What is it?
It’s a Ford Raptor, but not the Ford Raptor - you know, the American big pick-up with the engine from the Ford GT.
This is the more Euro-friendly Ford Ranger Raptor, a compact truck rather than an F-150, with an engine from Dagenham. But it’s still a ‘Ford Performance’ vehicle, so it’s claimed.
It’s better sized for our roads than an F-150, for sure, although these things are still relative, what with double-cab pick-ups being large cars generally, and this one being larger than the standard Ranger.
At 5398mm long, then, this Baja-inspired truck is 44mm longer than the standard worksite wagon, 2028mm wide (up 168mm) and 1873mm high (up 52mm), all because it’s beefier off-road. And how. Its separate ladder chassis has been strengthened at the front around the shock towers, along the front rails, and completely redesigned at the back, where the old leaf springs have been ditched, and there are coil springs and a Watt’s linkage to help locate the live rear axle and stop it swaying. There are uprated springs all around, and Fox motorsport dampers. It has been tuned to be at its best, off road, at speed, without loads. A rough track sports car, if you like.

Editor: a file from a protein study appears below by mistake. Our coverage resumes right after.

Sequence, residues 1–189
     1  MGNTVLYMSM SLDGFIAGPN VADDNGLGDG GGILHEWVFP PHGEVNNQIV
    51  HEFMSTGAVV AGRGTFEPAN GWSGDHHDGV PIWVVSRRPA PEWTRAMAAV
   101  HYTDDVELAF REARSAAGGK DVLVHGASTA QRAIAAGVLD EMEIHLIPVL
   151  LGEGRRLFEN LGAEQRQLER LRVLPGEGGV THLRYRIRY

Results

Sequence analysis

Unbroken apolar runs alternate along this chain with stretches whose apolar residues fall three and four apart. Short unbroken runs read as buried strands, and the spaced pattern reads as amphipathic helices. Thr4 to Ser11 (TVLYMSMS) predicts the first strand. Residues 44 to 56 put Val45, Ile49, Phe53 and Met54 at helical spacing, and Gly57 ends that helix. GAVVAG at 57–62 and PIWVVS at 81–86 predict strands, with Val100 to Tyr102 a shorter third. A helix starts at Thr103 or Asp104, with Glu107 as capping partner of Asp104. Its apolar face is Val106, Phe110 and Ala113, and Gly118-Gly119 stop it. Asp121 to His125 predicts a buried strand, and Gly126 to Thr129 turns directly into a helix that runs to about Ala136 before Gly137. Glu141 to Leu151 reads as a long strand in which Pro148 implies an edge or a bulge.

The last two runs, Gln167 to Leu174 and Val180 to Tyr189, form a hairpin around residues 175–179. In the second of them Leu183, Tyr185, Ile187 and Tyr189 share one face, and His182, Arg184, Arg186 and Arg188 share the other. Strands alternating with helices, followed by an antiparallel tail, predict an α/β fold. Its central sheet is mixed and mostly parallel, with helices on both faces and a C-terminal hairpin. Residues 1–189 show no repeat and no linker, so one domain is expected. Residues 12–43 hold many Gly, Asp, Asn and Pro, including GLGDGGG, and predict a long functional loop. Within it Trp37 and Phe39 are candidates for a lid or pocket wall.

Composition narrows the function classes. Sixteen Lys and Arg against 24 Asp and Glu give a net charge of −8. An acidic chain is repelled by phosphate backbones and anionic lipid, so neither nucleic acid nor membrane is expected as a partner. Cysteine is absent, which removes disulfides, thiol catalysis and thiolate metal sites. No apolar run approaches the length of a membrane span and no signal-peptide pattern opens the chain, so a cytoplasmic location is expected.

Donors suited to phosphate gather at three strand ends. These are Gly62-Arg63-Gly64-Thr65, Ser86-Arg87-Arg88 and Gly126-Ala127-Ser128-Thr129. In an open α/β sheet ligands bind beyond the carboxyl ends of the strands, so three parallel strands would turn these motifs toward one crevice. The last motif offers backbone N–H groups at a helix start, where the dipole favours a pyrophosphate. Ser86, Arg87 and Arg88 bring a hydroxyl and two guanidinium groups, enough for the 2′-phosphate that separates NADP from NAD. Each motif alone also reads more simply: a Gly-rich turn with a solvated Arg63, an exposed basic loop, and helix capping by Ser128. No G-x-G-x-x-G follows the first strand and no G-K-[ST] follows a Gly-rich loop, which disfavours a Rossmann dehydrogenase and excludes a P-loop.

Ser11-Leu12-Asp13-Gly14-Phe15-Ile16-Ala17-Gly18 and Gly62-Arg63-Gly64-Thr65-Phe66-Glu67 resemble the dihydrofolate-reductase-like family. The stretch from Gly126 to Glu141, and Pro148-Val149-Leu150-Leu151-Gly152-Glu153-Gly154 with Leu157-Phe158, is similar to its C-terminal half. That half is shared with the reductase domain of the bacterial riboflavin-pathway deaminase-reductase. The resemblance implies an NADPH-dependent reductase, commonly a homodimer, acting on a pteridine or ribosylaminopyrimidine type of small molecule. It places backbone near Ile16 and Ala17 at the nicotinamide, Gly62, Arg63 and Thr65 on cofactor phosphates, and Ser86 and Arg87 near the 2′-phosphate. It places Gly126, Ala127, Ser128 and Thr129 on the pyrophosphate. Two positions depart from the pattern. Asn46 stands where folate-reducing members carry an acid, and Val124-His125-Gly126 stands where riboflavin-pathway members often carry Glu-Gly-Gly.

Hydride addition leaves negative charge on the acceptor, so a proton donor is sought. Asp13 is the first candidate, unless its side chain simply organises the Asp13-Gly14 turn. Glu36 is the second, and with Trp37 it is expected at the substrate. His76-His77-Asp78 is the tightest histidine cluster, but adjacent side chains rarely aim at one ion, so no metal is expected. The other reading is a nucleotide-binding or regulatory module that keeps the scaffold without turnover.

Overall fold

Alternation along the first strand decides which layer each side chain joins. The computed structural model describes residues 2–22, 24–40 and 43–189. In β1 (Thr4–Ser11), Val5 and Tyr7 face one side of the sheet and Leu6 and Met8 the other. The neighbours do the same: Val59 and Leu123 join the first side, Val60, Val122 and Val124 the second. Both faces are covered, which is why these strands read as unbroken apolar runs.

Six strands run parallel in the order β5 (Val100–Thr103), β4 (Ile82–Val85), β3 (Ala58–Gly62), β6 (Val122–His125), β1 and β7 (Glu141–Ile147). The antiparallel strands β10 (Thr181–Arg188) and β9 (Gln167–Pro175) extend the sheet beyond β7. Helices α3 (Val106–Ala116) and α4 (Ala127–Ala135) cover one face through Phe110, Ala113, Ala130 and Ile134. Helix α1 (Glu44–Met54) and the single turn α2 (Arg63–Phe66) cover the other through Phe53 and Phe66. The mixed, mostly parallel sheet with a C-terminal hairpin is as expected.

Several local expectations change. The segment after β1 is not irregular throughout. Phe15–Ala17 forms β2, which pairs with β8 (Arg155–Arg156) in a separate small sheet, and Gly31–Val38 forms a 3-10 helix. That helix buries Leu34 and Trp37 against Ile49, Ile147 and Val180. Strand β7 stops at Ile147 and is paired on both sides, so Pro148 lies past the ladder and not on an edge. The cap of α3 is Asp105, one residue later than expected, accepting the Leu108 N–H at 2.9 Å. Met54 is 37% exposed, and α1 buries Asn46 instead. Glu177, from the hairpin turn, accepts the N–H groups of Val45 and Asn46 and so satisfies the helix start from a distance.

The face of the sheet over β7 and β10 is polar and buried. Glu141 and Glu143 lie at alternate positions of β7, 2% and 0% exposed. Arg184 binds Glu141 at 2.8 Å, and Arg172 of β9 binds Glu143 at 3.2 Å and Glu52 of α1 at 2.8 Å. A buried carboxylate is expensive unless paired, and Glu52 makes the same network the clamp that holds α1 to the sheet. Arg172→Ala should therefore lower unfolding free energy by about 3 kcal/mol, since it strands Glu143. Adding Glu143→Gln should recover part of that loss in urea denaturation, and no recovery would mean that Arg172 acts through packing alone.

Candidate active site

That means ground clearance is now 283mm, up 51mm or 30%, approach and departure angles are improved and there are 17in alloy wheels bearing BF Goodrich KO2 tyres. As such, the Raptor, sitting atop the Ranger range and available with a double-cab body only, costs £48,785 on the road including VAT – £10,000 more than the next most expensive Ranger. More on which in a moment.
Power comes from a twin-turbocharged four-cylinder 2.0 diesel rather than that more eager V6 petrol, slightly disappointingly, but such is life; move to the States if you want displacement. This is the first application of the twin turbo unit and it develops 210bhp and 367lb ft, which drives two or four wheels in high ratio, or four wheels in low ratio, through a 10-speed automatic gearbox with titanium flappy paddles, and is good enough to propel this 2510kg high-performance vehicle to 62mph in, er, 10.5sec, and onto 106mph. High performance in truck-speak is apparently not the same as high performance in the passenger car world.